Phonological aspects of Arandic baby talk

Turpin, Myfany, Demuth, Katherine and Campbell, April Ngampart (2014). Phonological aspects of Arandic baby talk. In Rob Pensalfini, Myfany Turpin and Diana Guillemin (Ed.), Language description informed by theory (pp. 49-80) Amsterdam, Netherlands: John Benjamins Publishing. doi:10.1075/slcs.147

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Author Turpin, Myfany
Demuth, Katherine
Campbell, April Ngampart
Title of chapter Phonological aspects of Arandic baby talk
Title of book Language description informed by theory
Place of Publication Amsterdam, Netherlands
Publisher John Benjamins Publishing
Publication Year 2014
Sub-type Research book chapter (original research)
DOI 10.1075/slcs.147
Series Studies in Language Companion Series (SLCS)
ISBN 9789027206145
ISSN 0165-7763
Editor Rob Pensalfini
Myfany Turpin
Diana Guillemin
Volume number 147
Chapter number 1
Start page 49
End page 80
Total pages 32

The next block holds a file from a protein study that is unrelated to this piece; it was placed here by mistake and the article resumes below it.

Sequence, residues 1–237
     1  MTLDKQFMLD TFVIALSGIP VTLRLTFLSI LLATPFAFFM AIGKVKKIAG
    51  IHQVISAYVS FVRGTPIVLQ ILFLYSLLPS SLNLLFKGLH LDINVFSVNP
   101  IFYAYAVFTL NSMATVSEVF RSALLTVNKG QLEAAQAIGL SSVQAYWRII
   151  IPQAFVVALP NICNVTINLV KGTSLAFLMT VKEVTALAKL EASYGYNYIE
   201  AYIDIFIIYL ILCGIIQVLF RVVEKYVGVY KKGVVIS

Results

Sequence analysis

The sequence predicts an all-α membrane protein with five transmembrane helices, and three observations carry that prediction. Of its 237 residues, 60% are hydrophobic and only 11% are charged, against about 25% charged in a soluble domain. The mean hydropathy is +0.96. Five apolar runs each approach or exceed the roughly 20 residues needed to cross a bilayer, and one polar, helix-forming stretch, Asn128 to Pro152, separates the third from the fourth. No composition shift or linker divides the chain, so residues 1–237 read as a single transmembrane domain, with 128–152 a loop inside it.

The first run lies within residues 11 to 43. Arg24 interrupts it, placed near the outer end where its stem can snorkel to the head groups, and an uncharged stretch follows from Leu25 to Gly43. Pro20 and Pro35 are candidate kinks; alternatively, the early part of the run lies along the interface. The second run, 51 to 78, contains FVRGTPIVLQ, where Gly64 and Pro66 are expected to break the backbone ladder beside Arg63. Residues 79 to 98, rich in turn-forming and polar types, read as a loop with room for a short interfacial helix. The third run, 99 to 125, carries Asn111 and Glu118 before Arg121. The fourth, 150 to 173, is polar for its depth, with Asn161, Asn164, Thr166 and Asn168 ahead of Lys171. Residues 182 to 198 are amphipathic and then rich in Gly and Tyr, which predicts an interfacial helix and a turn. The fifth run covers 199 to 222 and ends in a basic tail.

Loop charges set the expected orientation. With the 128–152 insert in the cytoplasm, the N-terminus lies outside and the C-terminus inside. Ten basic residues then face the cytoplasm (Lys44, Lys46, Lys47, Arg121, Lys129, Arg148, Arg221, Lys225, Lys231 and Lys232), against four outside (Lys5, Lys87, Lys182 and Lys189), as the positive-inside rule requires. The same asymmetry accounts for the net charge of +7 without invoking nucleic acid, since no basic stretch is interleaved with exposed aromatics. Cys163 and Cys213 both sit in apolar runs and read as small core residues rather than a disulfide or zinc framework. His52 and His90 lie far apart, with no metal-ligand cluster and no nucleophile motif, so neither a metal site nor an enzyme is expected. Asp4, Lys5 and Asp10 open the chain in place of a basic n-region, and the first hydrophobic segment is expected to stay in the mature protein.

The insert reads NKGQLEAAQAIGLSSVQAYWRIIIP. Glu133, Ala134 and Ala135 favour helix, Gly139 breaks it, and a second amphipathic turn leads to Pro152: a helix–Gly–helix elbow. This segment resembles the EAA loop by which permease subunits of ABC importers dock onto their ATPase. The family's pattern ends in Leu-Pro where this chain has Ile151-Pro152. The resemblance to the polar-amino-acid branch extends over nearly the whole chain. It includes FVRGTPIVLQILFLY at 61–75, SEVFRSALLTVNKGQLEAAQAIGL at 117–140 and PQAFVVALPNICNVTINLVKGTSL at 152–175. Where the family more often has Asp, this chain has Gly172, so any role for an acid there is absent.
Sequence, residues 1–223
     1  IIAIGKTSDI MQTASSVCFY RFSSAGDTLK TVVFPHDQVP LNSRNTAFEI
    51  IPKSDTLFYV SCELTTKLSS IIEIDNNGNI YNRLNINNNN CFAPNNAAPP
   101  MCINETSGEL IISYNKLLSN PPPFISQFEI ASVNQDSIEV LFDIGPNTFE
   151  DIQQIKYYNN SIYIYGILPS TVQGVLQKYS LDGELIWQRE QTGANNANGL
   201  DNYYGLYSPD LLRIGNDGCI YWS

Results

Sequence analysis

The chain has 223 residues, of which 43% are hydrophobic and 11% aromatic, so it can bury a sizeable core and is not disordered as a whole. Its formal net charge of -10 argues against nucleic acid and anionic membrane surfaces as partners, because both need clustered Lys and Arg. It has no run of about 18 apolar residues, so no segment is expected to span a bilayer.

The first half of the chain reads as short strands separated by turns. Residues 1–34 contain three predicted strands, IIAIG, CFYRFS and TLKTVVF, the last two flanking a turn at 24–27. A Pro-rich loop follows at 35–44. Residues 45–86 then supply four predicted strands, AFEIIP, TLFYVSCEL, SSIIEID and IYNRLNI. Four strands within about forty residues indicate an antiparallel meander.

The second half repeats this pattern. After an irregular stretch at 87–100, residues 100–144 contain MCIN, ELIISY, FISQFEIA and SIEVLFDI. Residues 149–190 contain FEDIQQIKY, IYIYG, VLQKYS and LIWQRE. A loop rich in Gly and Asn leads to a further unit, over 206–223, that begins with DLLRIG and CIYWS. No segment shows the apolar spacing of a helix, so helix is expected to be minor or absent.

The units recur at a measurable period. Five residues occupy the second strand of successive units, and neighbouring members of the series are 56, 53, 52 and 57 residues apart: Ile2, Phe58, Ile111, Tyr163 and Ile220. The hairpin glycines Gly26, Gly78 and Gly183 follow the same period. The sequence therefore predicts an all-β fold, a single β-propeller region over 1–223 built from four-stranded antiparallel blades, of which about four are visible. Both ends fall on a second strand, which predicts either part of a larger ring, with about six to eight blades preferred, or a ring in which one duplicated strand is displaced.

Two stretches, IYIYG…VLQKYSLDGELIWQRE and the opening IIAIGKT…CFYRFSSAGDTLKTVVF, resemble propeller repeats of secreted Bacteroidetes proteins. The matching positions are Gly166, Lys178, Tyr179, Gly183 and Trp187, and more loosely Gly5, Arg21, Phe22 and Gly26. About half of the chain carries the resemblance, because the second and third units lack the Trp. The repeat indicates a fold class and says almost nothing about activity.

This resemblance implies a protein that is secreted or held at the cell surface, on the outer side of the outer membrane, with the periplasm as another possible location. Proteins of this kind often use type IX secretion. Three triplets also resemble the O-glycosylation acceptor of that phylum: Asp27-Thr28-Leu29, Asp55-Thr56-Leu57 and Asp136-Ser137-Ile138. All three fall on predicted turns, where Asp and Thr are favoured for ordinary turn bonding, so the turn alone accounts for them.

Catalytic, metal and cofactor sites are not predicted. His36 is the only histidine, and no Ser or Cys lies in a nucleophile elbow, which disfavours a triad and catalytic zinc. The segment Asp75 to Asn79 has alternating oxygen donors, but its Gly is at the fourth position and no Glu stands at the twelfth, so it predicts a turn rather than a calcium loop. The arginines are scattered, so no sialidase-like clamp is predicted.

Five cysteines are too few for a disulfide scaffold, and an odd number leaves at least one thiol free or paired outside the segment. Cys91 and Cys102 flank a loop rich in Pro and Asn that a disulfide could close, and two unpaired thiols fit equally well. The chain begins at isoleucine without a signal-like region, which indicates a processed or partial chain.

Total chapters 12
Collection year 2015
Language eng
Formatted Abstract/Summary
Baby Talk (BT), also known as child-directed speech, is a non-standard form of speech used by adults when talking to infants. In Arandic languages BT involves the use of a small set of unique but widely known words, onomatopoeic-derived words, as well as phonological modifications to standard vocabulary. As in neighboring Warlpiri (Laughren 1984), Arandic BT contains a simplified phonology that conflates coronal contrasts and avoids rhotics and consonant clusters. Whilst standard Arandic words are mostly vowel-initial, this weak initial syllable is omitted in BT and the preferred CVCV(C) word structure is achieved through patterns of reduplication and truncation. The BT phonology becomes more complex with the perceived development of the child’s phonological competence, a case of fine-tuning over time.
Q-Index Code B1
Q-Index Status Confirmed Code
Institutional Status UQ

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Created: Thu, 06 Mar 2014, 23:27:40 EST by Jon Swabey on behalf of School of Languages and Cultures